The controversy surrounding New York City’s Specialized High School Admissions Test has been well chronicled in the past decade. One organization wants to provide some assistance to those who normally don’t receive any.
Hudson Guild announced a free SHSAT preparation camp that will run July 5 to Aug. 19 and be open to any New York City student entering sixth through eighth grade. The SHSAT camp is free and will take place every weekday from 10 a.m. to 4 p.m.
The funding for this program is provided by New York City’s Department of Youth and Community Development.
Hudson Guild is a Chelsea-based organization that provides services such as low-cost childcare, mental health programs, after-school programs and programs for teens.
The purpose of this SHSAT preparation camp is to give students the opportunity to prepare for the exam that eighth graders take in the early fall for admissions into eight of the city’s specialized high schools. Topics at the camp include mathematics, English/language arts, test-taking strategies and time-management techniques.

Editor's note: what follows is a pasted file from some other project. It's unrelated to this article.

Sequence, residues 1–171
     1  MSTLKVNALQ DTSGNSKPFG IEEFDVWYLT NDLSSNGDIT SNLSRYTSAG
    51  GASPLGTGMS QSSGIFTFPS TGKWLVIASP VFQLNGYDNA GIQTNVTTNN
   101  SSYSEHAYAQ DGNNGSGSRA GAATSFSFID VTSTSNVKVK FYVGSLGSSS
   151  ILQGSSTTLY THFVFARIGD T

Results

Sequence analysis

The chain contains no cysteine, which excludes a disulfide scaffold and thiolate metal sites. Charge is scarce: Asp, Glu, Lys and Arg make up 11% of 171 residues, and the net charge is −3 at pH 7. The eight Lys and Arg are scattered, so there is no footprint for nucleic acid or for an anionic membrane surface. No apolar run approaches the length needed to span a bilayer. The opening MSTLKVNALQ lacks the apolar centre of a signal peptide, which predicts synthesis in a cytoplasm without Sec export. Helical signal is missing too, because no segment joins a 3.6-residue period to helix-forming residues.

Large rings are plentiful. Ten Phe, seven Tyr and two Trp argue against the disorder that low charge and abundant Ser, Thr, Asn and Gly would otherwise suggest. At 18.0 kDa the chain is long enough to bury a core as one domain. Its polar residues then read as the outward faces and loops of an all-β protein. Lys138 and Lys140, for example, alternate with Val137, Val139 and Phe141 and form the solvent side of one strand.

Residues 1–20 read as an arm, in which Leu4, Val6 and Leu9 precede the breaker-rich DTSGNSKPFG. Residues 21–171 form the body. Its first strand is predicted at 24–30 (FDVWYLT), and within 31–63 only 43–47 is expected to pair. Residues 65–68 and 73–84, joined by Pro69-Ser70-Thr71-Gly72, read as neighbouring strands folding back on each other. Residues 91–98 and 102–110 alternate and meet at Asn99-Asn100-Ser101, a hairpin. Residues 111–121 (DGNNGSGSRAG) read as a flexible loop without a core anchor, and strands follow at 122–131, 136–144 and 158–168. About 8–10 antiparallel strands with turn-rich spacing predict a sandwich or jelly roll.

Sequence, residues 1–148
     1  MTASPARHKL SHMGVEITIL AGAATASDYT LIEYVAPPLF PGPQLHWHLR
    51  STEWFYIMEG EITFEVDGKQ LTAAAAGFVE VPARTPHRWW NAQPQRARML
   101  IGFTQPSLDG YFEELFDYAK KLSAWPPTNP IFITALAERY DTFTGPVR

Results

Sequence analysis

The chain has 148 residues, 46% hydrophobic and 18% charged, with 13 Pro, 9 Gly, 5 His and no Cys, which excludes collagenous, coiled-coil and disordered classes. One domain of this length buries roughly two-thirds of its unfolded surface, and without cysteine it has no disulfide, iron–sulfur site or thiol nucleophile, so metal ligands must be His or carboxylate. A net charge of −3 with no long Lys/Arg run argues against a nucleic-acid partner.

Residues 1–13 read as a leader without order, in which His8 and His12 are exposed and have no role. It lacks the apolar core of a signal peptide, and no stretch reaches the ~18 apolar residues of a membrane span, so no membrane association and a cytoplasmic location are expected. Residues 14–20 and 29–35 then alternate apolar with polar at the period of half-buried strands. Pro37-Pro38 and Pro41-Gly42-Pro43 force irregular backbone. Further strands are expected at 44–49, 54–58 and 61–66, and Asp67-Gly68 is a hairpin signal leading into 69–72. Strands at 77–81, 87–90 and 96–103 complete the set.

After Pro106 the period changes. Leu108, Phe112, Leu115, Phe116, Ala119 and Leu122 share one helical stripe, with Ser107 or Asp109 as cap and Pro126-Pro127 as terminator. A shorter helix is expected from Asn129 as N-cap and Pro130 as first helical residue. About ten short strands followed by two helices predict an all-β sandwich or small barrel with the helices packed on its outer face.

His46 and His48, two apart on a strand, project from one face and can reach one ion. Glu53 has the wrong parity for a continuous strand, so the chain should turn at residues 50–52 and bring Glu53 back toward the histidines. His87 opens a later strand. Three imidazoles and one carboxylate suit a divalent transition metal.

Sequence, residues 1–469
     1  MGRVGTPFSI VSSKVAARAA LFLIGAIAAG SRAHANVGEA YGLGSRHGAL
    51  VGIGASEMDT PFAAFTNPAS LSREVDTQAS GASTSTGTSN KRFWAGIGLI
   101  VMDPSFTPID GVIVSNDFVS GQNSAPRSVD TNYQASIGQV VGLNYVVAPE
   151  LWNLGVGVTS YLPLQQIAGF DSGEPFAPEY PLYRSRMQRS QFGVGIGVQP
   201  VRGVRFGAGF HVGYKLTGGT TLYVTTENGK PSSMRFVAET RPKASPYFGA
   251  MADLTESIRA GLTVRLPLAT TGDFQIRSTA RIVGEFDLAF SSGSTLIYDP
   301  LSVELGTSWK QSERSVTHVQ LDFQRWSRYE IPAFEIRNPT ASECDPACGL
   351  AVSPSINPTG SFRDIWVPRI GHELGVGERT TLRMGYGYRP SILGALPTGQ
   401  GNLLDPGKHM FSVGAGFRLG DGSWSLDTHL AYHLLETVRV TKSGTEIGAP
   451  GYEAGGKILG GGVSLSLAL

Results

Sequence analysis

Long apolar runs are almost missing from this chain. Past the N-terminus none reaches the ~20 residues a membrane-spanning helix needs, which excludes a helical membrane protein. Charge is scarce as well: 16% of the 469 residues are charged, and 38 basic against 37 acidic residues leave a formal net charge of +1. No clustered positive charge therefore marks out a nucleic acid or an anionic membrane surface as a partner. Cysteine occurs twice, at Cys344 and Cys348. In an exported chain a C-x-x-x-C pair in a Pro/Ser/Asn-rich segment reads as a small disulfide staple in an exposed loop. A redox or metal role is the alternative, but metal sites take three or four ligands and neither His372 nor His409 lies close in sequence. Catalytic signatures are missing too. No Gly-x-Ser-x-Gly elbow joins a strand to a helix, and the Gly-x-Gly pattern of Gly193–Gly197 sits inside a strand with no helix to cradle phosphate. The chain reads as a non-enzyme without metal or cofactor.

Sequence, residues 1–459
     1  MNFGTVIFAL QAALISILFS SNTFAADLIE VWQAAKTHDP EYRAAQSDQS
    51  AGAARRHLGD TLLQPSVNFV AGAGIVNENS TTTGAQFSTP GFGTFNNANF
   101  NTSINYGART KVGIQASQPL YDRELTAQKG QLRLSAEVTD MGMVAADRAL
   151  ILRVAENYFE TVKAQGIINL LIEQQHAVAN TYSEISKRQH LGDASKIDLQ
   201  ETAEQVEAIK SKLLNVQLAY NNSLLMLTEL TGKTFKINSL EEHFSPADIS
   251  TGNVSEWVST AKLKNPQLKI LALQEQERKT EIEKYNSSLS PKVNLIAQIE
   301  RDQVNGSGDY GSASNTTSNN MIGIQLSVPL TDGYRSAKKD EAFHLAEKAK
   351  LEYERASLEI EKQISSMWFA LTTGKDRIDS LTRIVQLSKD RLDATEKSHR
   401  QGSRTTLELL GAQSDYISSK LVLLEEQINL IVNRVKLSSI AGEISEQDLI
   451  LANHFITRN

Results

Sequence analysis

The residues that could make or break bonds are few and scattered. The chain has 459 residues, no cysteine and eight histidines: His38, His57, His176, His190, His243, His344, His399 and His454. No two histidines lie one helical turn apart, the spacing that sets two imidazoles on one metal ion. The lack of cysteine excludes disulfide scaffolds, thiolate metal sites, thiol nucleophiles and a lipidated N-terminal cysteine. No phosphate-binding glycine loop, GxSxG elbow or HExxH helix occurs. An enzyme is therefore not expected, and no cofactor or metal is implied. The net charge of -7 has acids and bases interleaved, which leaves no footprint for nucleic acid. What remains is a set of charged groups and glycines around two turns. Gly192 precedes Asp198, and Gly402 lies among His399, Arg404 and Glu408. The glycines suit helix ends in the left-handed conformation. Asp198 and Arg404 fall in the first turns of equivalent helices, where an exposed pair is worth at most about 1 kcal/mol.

“We’re proud of the rigorous and holistic program we’ve created here,” said Ken Jockers, executive director of Hudson Guild, in a statement. “This program fills up quickly every year and we’ve consistently seen students increase their practice exam scores by nearly 25 percent. It’s important to offer this service to low-income families.”
All participants in the program are required to take and attend all seven weeks of classes, and admittance will be on a first-come, first-served basis. Parents should contact Ted Teng at 212-760-9800 (ext. 3035) for details.
Last November, the Community Service Society released a report titled “The Specialized High School Admissions Debate: Moving from Rhetoric to a Research-Based Solution,” which addressed the alleged unfairness of the SHSAT selection process for institutions such as Stuyvesant, Brooklyn Technical High School and the Bronx High School of Science. The report recommended that New York City’s Department of Education replace the exam with the existing state English and Language Arts exam and Math exam because they’re taken by all students with the same amount of preparation.
Earlier last year, a report by the Research Alliance for New York City Schools said that rules for admittance based on criteria other than the SHSAT would moderately alter the demographic mix without lowering the academic achievement levels of students, but wouldn’t change the number of Black and Latino students.